Note from me: In the end, Meet Hercules was funny when it was released in 1962 and is still amusing right here in the 21st century. It's a film the Stooges were proud of as well they should have been.


Last edited by Pow on Tue Dec 14, 2021 10:18 pm; edited 1 time in total
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PostPosted: Tue Dec 14, 2021 7:30 pm    Post subject: Reply with quote

________________________________

Mike, I love your well-written and expertly researched comment! Very Happy

Sir, may I respectfully request that you format future post of this kind to show the readers when you're quoting a source and when you're adding a comment of your own?

The addition of a ~ before your own comments isn't quite enough to alert us when the text has switched from "quotes" by other people to comments by you.

This is why I always include Note from me before my own remarks on posts which quote IMDB trivia items. It clearly separates my statements from the trivia items I've quoted.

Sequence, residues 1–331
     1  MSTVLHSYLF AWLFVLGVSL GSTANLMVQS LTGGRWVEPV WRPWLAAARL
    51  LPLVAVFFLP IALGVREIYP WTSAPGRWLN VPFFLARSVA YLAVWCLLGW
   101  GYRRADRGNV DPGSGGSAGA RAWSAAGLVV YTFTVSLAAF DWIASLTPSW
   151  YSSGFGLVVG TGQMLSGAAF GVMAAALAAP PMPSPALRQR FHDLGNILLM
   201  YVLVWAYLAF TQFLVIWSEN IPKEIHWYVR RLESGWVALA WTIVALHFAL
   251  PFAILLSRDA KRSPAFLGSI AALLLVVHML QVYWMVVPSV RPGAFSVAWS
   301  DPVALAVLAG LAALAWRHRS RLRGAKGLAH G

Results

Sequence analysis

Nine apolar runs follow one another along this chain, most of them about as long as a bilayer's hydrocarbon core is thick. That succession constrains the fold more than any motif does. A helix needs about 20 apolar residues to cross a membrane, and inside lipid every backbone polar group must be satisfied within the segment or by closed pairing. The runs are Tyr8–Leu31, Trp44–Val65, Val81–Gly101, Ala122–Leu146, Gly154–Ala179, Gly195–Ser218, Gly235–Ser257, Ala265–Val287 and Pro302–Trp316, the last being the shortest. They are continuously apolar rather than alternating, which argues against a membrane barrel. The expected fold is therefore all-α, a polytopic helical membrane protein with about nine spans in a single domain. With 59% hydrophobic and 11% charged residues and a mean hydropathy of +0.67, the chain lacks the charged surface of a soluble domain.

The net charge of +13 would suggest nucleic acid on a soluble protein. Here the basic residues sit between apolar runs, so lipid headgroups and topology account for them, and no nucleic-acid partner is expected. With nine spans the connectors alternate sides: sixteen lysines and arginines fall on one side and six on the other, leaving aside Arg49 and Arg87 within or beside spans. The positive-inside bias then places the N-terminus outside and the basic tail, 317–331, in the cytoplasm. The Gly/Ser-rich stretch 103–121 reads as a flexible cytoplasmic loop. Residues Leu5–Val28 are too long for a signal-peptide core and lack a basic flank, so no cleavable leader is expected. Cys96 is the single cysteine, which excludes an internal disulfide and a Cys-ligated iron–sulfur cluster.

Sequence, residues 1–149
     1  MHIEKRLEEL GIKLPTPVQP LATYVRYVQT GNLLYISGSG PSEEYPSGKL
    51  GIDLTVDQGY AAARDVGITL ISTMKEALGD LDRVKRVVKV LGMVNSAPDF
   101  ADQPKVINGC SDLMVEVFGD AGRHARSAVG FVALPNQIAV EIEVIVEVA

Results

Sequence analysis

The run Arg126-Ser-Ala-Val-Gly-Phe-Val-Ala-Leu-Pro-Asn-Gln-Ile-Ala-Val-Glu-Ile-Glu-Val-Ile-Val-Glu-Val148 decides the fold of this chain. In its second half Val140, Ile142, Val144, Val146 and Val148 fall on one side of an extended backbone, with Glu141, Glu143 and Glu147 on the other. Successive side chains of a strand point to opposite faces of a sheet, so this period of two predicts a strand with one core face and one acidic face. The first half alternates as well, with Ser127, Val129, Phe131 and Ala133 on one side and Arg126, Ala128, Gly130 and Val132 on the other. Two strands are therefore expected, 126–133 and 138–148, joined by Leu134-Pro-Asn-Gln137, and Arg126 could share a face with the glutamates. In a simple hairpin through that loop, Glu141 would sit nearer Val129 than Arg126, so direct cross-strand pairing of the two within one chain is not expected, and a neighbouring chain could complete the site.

Mike, thanks for being such a valuable member of All Sci-Fi. We all look forward to your future posts! Cool

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PostPosted: Mon Sep 12, 2022 5:45 pm    Post subject: Reply with quote

Some more Trivia: When the Stooges start up Skylar's time machine, one of the sounds it makes is the alarm used inside UNCLE headquarters on The Man From U.N.C.L.E.

Note: I'm changing my suggestion that this film should have had Ray Harryhausen animating the Two-Headed Cyclops. Yeah, Ray could have created a different looking Cyclops here than the magnificent one he did for his classic 7th Voyage of Sinbad. However, why repeat himself? I doubt any Cyclops for this Stooges film could possibly be superior to the Sinbad iteration.